Calipari told the Fort Worth Star-Telegram on Friday that he wants the NBPA to help develop a combine for high school juniors to help them prepare for a potential jump to the NBA from high school.
"The players and the families need to know. Here are the ones who should be thinking about the NBA and here are the ones who should not," Calipari said. "That's why you need a combine."
He also suggested that agents should be allowed to work with high schoolers to help them gauge their readiness for the NBA.
Calipari previously floated the idea of a high school combine during an appearance on The Dan Patrick Show in March. He said the combine could include 100 juniors and identify 12 to 15 NBA-ready players. The rest would be told, "You need to go to school."
Some players, such as former Syracuse commit Darius Bazley, have elected to start their pro careers by playing in the G League directly out of high school. Calipari, echoing previous comments, expressed concern that not enough is being done to ensure those players have a backup plan for education if their NBA hopes don't pan out.
"There are unintended consequences here for these kids and their families," Calipari told the Star-Telegram. "Don't encourage 8th-, 9th- and 10th-graders to forgo education just to go to the G League.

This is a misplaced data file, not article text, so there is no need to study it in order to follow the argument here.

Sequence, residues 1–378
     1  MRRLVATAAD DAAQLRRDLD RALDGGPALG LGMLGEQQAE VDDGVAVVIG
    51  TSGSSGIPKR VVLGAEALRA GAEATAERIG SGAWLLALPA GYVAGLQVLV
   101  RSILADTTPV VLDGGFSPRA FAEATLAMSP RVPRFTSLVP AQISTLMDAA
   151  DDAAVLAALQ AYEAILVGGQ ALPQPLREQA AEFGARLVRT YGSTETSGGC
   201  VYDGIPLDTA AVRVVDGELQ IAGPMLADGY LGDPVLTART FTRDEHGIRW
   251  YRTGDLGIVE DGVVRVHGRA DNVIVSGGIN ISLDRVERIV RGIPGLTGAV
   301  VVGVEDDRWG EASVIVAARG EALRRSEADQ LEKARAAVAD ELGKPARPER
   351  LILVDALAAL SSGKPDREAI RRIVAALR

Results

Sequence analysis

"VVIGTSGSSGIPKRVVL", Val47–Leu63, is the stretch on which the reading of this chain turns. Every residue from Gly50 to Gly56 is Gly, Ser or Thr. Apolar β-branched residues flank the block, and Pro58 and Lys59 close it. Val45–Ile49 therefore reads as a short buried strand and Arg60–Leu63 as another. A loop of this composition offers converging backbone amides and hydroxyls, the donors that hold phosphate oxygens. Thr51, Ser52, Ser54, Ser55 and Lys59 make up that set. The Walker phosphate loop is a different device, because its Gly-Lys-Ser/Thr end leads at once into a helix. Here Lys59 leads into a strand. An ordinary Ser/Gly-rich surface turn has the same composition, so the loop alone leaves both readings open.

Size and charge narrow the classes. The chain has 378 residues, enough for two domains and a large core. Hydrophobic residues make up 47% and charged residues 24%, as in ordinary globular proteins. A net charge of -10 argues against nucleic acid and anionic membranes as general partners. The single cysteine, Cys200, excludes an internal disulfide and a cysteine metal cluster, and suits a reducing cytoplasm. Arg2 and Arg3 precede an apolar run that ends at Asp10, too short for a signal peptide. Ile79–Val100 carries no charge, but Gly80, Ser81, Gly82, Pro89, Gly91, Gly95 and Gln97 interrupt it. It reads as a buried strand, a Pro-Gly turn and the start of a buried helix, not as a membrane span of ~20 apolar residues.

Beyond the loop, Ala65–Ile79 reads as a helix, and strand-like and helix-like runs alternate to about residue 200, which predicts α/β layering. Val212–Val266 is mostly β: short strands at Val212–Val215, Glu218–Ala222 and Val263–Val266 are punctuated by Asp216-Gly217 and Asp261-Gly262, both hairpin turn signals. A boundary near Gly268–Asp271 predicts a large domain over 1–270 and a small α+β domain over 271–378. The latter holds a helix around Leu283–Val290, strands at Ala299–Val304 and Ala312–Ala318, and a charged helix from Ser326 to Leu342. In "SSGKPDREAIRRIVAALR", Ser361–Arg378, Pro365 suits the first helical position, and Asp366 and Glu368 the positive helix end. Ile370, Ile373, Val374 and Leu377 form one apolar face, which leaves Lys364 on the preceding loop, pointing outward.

"…What do we do if they are not academically ready at all, because they didn't plan on it? Who wants to take care of those thousands of kids whose family, many times, are dealing with generational poverty and their chance was maybe to get him an education?"
Calipari's suggestion would include college education funds also being given to players who go straight to the G League, a model Major League Baseball already uses.
"If they choose to do that, that's fine, but why don't we make sure if they don't make it in, they at least have a chance at a guaranteed education," he said.
Multiple NCAA conferences, including the Pac-12 and Big East, have proposed plans to end the one-and-done system, which is the result of an NBA rule that prohibits its teams from drafting players until they are at least 19 or a year removed from high school. The Big East's proposal last month also included permitting agents to work with players.
An NCAA commission, created in response to a federal investigation into corruption in college basketball and led by former Secretary of State Condoleezza Rice, received the league's proposals and is expected to present its report to the Division I board of directors and board of governors next week.
NBA commissioner Adam Silver said Friday that he believes the rules surrounding the NBA draft age limit will be changed.
"It's clear that the college community doesn't seem to want the one-and-done players any more," Silver said in an appearance on ESPN's Get Up! "Putting aside the self-interest of the NBA, we have to be responsive to the larger basketball community."
Silver said he has discussed the topic with NBPA executive director Michele Roberts and players' union president Chris Paul. The sides have agreed to revisit the issue after the playoffs, Silver said.
Calipari told the Star-Telegram he is fine if the one-and-done setup is ultimately abandoned.
"Whatever the rules," he said, "we're going to be fine."
Information from The Associated Press was included in this report.